When you choose a credit card for the first time, you should weigh several factors. Ask yourself if you really need a credit card. If so, decide what will you use the credit card for. You should also weigh your current financial situation, and assess whether you can make monthly payments on time, and for the full amount. If you’re planning on carrying a balance, make sure you understand things such as minimum payments and interest.
Above all, be realistic in your expectations. Your first credit card will likely have a low credit limit, a high interest rates, and an annual fee. If your most viable option is a secured card, make sure you know the difference between secured and unsecured credit cards.
Here is how you choose a credit card for the first time:
Decide if you need a credit card. If you’re starting out in the “real world,” you will need to establish credit. If used responsibly, a credit card is a valuable asset in starting the process. Good credit can set you up for future car loans or mortgages, and land you favorable interest rates. Nearly every other start-up expense such as apartment rentals, cell phones, and insurance premiums also require to have an established, and good credit profile.
Determine how the card will be used. Whether it’s for everyday expenses such as gas and groceries, or furnishing your first apartment, understand that whatever you purchase on the card, you will have to pay back. Make sure you’re aware of your card’s credit limit, and what happens if you use up a large chunk of that credit limit.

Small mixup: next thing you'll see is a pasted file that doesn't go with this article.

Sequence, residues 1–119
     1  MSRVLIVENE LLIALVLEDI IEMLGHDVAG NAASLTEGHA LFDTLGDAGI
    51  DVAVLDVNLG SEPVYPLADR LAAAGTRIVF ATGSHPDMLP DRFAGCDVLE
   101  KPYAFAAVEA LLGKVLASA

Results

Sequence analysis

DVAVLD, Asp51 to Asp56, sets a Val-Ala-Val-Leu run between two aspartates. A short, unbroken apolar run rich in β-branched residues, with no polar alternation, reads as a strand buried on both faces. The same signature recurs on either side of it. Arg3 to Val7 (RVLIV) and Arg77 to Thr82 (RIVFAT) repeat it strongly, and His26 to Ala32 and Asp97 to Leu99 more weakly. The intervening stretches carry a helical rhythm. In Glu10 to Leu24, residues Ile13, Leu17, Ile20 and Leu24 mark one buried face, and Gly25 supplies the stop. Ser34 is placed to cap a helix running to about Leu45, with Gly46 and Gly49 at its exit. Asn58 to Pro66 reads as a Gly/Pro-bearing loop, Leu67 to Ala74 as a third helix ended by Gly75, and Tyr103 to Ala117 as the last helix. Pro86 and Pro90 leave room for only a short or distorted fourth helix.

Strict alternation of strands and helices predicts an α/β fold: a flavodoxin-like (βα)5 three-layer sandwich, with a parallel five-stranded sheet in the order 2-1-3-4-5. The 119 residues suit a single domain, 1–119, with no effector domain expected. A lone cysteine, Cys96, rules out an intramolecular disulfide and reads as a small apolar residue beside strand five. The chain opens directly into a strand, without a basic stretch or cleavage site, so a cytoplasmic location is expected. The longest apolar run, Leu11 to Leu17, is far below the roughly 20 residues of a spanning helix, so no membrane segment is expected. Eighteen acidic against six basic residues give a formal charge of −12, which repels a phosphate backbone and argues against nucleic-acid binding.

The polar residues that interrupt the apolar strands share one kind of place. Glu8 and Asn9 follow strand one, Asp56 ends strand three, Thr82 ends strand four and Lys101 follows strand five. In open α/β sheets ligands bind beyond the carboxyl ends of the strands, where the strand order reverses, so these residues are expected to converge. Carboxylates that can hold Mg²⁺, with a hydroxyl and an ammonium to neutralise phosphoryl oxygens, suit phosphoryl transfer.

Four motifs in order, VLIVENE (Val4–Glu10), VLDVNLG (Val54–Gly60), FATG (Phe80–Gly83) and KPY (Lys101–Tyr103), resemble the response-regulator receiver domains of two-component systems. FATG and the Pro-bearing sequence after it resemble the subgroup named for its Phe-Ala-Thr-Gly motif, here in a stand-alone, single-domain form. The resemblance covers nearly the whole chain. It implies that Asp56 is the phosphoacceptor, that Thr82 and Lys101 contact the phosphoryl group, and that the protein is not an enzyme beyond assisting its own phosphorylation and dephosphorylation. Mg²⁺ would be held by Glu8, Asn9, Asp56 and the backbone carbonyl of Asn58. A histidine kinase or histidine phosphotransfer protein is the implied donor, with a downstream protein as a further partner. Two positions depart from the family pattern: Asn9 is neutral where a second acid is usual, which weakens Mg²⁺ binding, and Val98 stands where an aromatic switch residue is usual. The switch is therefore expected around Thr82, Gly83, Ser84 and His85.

Take a look at your finances. Is your current salary enough to handle a credit card payment and any student loans debt on top of all the everyday expenses? Make sure you have enough funds at the end of the month to pay the credit card bill, preferably for the full amount. It’s easy to fall into the trap of setting aside just enough to cover the minimum payment, but that will end up cost you more in the long run.
Review Terms and Conditions carefully. Compare against several cards. Research a card’s interest rate, or Annual Percentage Rate, and how that rate is calculated. Familiarize yourself with the card’s grace period, and how can avoid all those interest charges. Know your minimum payment and when it’s due. If a card has any fees such as annual fees, know that those charges will impact your credit limit.
Consider a secured credit card. A secured card may be the better option for establishing credit. You’ll have to put up a security deposit, which will also be your credit limit. How much spending power you have depends on the size of your deposit. You’ll get a better rate, and fewer fees than with an unsecured card. Plus, if you’re responsible with a secured card for several months, you’ll be eligible for a credit limit increase, or you’ll be able to transition to an unsecured card with much better terms.
Don’t feel like you have to accept the first credit card that’s offered to you. Or every offer. A credit card can be a valuable financial tool to help build your credit. Too many credit cards too soon may be an invitation to overspend and overextend all of your available credit. That will quickly damage the very credit history you’re trying to establish.
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